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Postoperative adjuvant chemotherapy in rectal cancer operated for cure.

Overview of attention for article published in Cochrane database of systematic reviews, March 2012
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About this Attention Score

  • Above-average Attention Score compared to outputs of the same age (55th percentile)
  • Average Attention Score compared to outputs of the same age and source

Mentioned by

twitter
5 tweeters

Citations

dimensions_citation
186 Dimensions

Readers on

mendeley
128 Mendeley
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Title
Postoperative adjuvant chemotherapy in rectal cancer operated for cure.
Published in
Cochrane database of systematic reviews, March 2012
DOI 10.1002/14651858.cd004078.pub2
Pubmed ID
Authors

Sune Høirup Petersen, Henrik Harling, Lene Tschemerinsky Kirkeby, Peer Wille-Jørgensen, Simone Mocellin

Abstract

Colorectal cancer is one of the most common types of cancer in the Western world. Apart from surgery - which remains the mainstay of treatment for resectable primary tumours - postoperative (i.e., adjuvant) chemotherapy with 5-fluorouracil (5-FU) based regimens is now the standard treatment in Dukes' C (TNM stage III) colon tumours i.e. tumours with metastases in the regional lymph nodes but no distant metastases. In contrast, the evidence for recommendations of adjuvant therapy in rectal cancer is sparse. In Europe it is generally acknowledged that locally advanced rectal tumours receive preoperative (i.e., neoadjuvant) downstaging by radiotherapy (or chemoradiotion), whereas in the US postoperative chemoradiotion is considered the treatment of choice in all Dukes' C rectal cancers. Overall, no universal consensus exists on the adjuvant treatment of surgically resectable rectal carcinoma; moreover, no formal systematic review and meta-analysis has been so far performed on this subject.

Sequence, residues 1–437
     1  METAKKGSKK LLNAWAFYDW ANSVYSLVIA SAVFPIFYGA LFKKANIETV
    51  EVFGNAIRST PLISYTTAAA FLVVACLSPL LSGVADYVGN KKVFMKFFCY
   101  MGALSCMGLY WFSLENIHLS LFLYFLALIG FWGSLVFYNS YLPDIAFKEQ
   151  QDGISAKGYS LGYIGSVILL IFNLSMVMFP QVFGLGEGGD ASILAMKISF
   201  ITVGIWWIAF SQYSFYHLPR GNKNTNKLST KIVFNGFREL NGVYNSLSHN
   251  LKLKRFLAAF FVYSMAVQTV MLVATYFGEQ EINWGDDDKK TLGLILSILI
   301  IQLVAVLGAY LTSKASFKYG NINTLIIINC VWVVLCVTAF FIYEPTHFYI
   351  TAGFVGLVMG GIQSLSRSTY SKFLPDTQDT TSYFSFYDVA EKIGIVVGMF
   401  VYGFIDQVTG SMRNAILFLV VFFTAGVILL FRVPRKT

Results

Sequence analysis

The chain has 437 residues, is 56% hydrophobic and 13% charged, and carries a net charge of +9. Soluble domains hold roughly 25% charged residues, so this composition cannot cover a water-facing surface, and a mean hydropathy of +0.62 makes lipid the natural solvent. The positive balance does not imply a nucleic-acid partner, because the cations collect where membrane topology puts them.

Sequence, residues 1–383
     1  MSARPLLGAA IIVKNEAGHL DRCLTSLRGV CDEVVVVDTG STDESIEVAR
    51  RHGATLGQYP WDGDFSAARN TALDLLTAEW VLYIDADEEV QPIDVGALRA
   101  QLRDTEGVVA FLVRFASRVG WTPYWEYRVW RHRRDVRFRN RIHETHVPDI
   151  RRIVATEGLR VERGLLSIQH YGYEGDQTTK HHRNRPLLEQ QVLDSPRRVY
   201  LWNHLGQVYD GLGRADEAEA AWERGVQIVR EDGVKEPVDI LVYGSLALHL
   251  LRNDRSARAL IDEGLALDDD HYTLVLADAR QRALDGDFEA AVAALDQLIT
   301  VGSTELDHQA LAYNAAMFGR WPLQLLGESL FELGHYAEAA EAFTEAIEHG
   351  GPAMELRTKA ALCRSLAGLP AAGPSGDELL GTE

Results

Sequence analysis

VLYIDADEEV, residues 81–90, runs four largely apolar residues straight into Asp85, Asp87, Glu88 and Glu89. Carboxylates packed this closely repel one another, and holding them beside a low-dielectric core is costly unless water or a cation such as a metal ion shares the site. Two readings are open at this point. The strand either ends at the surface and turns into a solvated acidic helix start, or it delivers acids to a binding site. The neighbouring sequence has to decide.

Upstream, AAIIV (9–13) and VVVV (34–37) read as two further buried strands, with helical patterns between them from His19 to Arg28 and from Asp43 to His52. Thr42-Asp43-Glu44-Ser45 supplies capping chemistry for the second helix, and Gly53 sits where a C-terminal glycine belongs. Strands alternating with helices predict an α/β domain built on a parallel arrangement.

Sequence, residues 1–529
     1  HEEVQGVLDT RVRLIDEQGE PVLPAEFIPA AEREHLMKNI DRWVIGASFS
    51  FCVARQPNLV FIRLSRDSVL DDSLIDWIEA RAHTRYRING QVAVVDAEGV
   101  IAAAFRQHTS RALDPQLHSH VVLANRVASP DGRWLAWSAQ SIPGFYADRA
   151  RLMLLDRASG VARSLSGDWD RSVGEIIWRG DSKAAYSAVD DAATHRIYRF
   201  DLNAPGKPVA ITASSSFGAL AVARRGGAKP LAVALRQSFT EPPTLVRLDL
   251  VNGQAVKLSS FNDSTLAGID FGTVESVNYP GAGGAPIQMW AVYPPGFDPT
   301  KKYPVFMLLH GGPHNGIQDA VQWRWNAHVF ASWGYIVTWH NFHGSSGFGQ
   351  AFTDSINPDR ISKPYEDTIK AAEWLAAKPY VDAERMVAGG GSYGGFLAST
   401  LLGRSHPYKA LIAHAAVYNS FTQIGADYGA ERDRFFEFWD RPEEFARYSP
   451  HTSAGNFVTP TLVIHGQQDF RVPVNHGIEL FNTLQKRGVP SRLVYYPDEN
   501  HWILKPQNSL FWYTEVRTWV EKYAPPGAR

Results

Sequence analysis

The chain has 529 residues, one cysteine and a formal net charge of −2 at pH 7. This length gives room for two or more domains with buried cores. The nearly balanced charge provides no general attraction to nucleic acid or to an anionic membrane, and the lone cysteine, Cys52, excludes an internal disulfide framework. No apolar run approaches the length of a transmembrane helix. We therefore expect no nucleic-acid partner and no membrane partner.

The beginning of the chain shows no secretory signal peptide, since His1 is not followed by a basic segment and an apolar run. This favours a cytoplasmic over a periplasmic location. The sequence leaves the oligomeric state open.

Twitter Demographics

The data shown below were collected from the profiles of 5 tweeters who shared this research output. Click here to find out more about how the information was compiled.

Mendeley readers

The data shown below were compiled from readership statistics for 128 Mendeley readers of this research output. Click here to see the associated Mendeley record.

Geographical breakdown

Country Count As %
Ecuador 2 2%
Spain 2 2%
France 1 <1%
United States 1 <1%
Iran, Islamic Republic of 1 <1%
Estonia 1 <1%
Unknown 120 94%

Demographic breakdown

Readers by professional status Count As %
Researcher 32 25%
Student > Master 17 13%
Student > Ph. D. Student 16 13%
Other 15 12%
Student > Bachelor 10 8%
Other 40 31%
Readers by discipline Count As %
Medicine and Dentistry 97 76%
Unspecified 18 14%
Agricultural and Biological Sciences 6 5%
Nursing and Health Professions 3 2%
Social Sciences 2 2%
Other 4 3%

Attention Score in Context

This research output has an Altmetric Attention Score of 3. This is our high-level measure of the quality and quantity of online attention that it has received. This Attention Score, as well as the ranking and number of research outputs shown below, was calculated when the research output was last mentioned on 21 January 2018.
All research outputs
#6,803,628
of 12,941,674 outputs
Outputs from Cochrane database of systematic reviews
#7,782
of 10,417 outputs
Outputs of similar age
#52,407
of 119,512 outputs
Outputs of similar age from Cochrane database of systematic reviews
#84
of 124 outputs
Altmetric has tracked 12,941,674 research outputs across all sources so far. This one is in the 46th percentile – i.e., 46% of other outputs scored the same or lower than it.
So far Altmetric has tracked 10,417 research outputs from this source. They typically receive a lot more attention than average, with a mean Attention Score of 20.5. This one is in the 24th percentile – i.e., 24% of its peers scored the same or lower than it.
Older research outputs will score higher simply because they've had more time to accumulate mentions. To account for age we can compare this Altmetric Attention Score to the 119,512 tracked outputs that were published within six weeks on either side of this one in any source. This one has gotten more attention than average, scoring higher than 55% of its contemporaries.
We're also able to compare this research output to 124 others from the same source and published within six weeks on either side of this one. This one is in the 30th percentile – i.e., 30% of its contemporaries scored the same or lower than it.